Attorneys representing a Michigan funeral home in a pivotal case before the U.S. Supreme Court filed a brief Friday asking the court to affirm that judges and government agencies can’t usurp the role of Congress by redefining the word “sex” in federal law to mean “gender identity.”
In April, the high court agreed to take the case and two others raising related issues. As the Alliance Defending Freedom brief argues, allowing courts and agencies to redefine the law “will cause problems in employment law, reduce bodily-privacy protections for everyone, and erode equal opportunities for women and girls, among many other consequences.”
The U.S. Court of Appeals for the 6th Circuit ruled that the federal government can force R.G. & G.R. Harris Funeral Homes and its owner, Thomas Rost, to allow a male funeral director who identifies as female to dress and present as a woman when meeting with grieving families. The court ruled against the funeral home even though what the employee proposed to do violated the family business’s sex-specific dress code, which the employee agreed to when hired and abided by for nearly six years. The court’s decision redefined “sex” in Title VII to conflict with the word’s well-understood meaning since the law’s enactment in 1964. Title VII is a federal law intended to ensure equal opportunities in employment, regardless of a person’s race, color, religion, national origin, or sex.
Allowing this decision to stand would have ramifications for other laws, such as Title IX, which ensures equal opportunities in education and athletics for women and girls who are already being marginalized by local governments that are allowing boys who identify as girls to compete in girls’ sports. In Connecticut, two boys who identify as girls have recently won 15 girls’ state track-and-field titles, which nine different girls held in 2016.
“Americans should be able to rely on what the law says. Redefining ‘sex’ to mean ‘gender identity’ creates chaos, is unfair to women and girls, and puts employers in difficult situations,” said ADF Vice President of Appellate Advocacy John Bursch, who served as Michigan’s solicitor general from 2011-13. “Title VII and other civil rights laws, like Title IX, are in place to protect equal opportunities for women; changing ‘sex’ to mean ‘gender identity’ undermines that.”
“The employee in this case testified that employers must treat male employees who believe themselves to be women as if they are women unless they don’t ‘meet the expectations’ of what women ‘[t]ypically’ look like,” Bursch added. “This is an impossible standard and forces employers to engage in the very stereotypes the law is supposed to condemn.”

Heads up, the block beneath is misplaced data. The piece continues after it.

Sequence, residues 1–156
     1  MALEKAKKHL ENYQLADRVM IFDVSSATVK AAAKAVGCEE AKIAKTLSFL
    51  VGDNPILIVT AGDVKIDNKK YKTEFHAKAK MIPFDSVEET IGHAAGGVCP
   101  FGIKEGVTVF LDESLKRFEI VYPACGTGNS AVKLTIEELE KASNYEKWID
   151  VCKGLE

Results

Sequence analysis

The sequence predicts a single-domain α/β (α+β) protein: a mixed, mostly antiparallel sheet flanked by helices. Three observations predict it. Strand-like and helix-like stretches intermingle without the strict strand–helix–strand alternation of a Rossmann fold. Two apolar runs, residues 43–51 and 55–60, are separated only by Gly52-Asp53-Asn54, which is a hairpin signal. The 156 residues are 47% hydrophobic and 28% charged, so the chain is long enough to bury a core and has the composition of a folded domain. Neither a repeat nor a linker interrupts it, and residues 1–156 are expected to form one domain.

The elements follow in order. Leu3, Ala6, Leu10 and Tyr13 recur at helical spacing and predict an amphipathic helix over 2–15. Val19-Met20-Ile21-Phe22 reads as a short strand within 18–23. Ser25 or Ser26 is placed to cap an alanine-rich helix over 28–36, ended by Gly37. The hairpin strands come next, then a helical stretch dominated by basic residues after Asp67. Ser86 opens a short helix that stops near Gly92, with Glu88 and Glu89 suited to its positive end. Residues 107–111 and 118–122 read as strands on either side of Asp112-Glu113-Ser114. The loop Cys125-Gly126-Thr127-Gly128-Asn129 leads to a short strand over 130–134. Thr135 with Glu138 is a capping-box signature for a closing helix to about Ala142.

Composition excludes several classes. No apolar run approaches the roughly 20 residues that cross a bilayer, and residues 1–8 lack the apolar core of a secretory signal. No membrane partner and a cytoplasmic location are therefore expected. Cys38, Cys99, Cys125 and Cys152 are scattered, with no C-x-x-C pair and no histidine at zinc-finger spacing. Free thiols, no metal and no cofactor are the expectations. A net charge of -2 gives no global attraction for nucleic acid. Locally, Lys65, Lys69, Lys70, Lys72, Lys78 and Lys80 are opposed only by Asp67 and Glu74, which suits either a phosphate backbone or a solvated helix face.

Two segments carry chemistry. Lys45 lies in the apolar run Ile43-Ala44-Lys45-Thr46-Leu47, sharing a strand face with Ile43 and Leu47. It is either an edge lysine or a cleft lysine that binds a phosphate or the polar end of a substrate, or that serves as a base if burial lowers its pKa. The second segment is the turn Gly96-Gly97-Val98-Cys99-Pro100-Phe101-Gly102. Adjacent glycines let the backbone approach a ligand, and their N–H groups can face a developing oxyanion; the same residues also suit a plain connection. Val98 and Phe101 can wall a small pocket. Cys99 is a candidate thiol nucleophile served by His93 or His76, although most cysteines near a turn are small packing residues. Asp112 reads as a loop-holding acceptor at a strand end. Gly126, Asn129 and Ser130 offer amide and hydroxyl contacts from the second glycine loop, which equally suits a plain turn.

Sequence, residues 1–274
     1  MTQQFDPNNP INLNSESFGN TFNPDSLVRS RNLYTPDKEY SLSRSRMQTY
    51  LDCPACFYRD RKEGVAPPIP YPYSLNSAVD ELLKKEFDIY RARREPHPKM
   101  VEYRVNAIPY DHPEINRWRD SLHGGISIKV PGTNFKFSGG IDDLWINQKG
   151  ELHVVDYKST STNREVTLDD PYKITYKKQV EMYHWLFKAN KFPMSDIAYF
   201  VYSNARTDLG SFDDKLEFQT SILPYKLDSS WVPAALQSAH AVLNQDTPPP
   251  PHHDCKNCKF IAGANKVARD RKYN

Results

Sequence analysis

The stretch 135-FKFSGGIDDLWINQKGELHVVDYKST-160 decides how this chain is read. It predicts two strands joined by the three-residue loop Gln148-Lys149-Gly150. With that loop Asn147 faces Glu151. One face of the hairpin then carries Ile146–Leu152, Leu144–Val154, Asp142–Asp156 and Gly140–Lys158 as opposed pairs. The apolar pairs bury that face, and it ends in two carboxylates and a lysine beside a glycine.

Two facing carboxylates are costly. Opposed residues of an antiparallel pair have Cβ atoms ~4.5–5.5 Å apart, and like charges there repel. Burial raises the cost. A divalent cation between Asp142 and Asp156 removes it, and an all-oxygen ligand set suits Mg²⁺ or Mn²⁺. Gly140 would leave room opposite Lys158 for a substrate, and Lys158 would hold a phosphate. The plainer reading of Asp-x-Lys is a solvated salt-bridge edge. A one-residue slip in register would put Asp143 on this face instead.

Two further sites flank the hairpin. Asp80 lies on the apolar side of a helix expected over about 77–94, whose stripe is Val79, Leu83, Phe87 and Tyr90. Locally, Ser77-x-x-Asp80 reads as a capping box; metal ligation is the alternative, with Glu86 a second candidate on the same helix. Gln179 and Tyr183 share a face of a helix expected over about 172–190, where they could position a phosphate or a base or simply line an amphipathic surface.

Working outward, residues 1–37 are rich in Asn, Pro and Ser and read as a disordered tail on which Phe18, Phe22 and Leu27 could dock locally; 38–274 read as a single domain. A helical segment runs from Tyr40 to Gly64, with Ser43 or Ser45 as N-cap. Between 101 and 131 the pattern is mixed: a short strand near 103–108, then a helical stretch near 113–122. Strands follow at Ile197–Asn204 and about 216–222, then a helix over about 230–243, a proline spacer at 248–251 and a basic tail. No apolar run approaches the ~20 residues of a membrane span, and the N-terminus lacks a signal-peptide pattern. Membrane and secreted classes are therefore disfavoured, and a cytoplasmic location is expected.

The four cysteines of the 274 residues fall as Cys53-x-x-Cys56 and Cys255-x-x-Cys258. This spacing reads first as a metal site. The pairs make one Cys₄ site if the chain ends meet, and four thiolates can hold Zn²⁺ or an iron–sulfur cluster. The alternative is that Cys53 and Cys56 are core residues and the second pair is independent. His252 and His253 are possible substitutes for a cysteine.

In 2016, the U.S. District Court for the Eastern District of Michigan ruled in favor of the funeral home. The federal Equal Employment Opportunity Commission sued over the funeral home’s decision to apply its dress code to the employee, who insisted on violating that policy despite having agreed to it and followed it for years. Although the federal government now agrees with the funeral home, the American Civil Liberties Union is arguing on behalf of the former employee that the Supreme Court should rewrite the law.
As explained in the brief filed with the U.S. Supreme Court in R.G. & G.R. Harris Funeral Homes v. Equal Employment Opportunity Commission, “judicially rewriting sex discrimination in Title VII will spill over into other federal laws that prohibit sex discrimination. It will deny women and girls fair opportunities to compete in sports, to ascend to the winner’s podium, and to receive critical scholarships. It will also require domestic-abuse shelters to allow men to sleep in the same room as female survivors of rape and violence. And it may dictate that doctors and hospitals provide transition services even in violation of their religious beliefs.”
“In sum, elected legislative- and executive-branch officials should carefully consider everyone’s interests when changing nondiscrimination legislation,” the brief continues. “Courts are the branch least equipped to do so. This Court should reverse the Sixth Circuit’s reimagining of Title VII and direct that judgment be entered for Harris.”
“Harris Funeral Homes should be free to rely on what the law says and focus on serving grieving families without fear of unjust government punishment,” said ADF Senior Counsel Kate Anderson. “Unelected officials outside the legislature don’t have the power to rewrite the law.”